According to prosecutors, Cook used Beckman, Kiley and Durand to pitch the scheme to potential investors.  Both Kiley and Durand hosted radio shows hosted on Christian broadcast radio.  Kiley, by far the most successful conduit for new investors, brought in nearly two-thirds of all investors to Cook's scheme, and boasted that he had forty years of experience in the financial industry despite never graduating from college and previously selling appliances and other consumer products.  According to Kiley, the opportunity to invest in Cook's scheme had previously only been open to banks and international corporations, but available to Kiley's audience - whom he called "truth seekers" - in order to "protect them from an impending economic collapse."  Kiley would then close each show with a prayer.  Beckman conducted numerous seminars touting the scheme and also solicited affluent clients through his company, Oxford Private Client Group.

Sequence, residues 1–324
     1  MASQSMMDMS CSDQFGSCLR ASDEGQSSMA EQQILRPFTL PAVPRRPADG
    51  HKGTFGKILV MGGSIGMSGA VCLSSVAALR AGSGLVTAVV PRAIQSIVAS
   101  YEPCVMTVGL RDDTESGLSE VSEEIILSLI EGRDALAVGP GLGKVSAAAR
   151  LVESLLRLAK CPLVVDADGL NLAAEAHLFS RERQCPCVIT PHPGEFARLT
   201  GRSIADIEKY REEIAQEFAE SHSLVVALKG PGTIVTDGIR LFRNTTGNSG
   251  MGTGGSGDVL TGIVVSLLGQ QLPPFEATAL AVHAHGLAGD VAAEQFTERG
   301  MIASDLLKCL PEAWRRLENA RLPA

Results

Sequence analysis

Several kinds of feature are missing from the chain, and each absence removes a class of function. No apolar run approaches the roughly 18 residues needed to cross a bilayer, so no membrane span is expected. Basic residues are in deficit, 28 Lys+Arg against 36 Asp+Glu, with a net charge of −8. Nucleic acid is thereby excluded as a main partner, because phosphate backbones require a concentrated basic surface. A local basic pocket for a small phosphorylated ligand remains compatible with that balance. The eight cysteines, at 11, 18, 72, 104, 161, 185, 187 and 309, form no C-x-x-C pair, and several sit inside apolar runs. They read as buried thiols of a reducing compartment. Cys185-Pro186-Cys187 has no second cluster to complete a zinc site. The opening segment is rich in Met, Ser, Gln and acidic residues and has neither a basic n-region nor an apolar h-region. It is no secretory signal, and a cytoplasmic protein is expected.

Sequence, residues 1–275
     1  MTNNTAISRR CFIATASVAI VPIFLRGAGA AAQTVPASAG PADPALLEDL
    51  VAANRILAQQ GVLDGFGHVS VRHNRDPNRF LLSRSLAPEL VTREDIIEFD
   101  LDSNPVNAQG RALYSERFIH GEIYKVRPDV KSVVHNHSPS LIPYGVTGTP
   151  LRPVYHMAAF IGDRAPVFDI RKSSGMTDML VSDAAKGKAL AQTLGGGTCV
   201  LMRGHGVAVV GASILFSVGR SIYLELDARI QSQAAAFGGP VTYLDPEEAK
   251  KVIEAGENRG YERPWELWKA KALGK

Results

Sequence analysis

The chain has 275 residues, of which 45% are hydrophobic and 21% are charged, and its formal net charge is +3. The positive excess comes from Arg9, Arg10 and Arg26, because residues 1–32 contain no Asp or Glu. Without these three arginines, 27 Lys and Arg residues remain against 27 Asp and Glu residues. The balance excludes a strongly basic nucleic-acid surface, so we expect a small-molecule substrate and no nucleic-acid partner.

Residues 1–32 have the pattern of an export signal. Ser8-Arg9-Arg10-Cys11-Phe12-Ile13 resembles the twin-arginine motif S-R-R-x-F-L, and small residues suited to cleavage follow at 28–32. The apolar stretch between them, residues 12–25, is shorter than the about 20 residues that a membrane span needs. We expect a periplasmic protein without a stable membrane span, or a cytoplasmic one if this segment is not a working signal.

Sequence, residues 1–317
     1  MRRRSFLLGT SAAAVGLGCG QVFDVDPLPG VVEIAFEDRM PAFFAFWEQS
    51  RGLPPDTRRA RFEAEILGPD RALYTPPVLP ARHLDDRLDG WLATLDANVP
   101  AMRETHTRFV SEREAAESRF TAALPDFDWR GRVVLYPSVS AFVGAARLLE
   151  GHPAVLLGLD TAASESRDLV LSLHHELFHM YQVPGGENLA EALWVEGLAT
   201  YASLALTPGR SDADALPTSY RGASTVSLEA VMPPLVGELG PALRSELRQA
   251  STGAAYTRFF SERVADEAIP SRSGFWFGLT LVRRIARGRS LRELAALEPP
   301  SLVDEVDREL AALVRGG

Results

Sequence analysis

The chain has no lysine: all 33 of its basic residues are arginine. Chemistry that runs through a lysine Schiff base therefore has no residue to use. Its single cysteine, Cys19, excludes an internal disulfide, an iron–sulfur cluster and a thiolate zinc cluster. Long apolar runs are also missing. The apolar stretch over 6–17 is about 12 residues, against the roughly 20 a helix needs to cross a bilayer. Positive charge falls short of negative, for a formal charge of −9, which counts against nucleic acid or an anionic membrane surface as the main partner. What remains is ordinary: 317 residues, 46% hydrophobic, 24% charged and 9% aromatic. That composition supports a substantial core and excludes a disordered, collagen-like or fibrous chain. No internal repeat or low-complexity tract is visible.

The criminal trial had several notable incidents, including the order by Chief United States District Judge Michael Davis to allow several attorneys hired by Beckman to break the attorney-client privilege concerning their conversations with Beckman in his ultimately unsuccessful bid to purchase a stake in an NHL team.  The trial also saw Beckman give heated testimony about his lack of knowledge concerning Cook's scheme.

Judge Davis has not yet scheduled a sentencing date.

A copy of the indictment against the three men is here.


Fourteen Brokers Sued by SEC for Promoting $415 Million Agape Ponzi Scheme

The Securities and Exchange Commission ("SEC") today sued fourteen individuals who misrepresented the safety of investments in the now-defunct Agape World ("Agape") that was later discovered to be a $415 million Ponzi scheme.  Those named are Bryan Arias, Hugo A. Arias, Anthony C. Ciccone, Salvatore Ciccone, Diane Kaylor, Jason A. Keryc, Anthony Massaro, Christopher E. Curran, Ryan K. Dunaske, Michael P. Dunne, Martin C. Hartmann III, Michael D. Keryc, Ronald R. Roaldsen, Jr., and Laura Ann Tordy.  These defendants were brokers, account representatives, and vice presidents for Agape, and in their capacity as the principal sales agents for the scheme, made misrepresentations to thousands of investors as to the safety of their investment whilst also promising above-average returns in a very short period of time.  The SEC is pursuing injunctive relief, disgorgement of all ill-gotten gains, and civil monetary penalties against each of the defendants.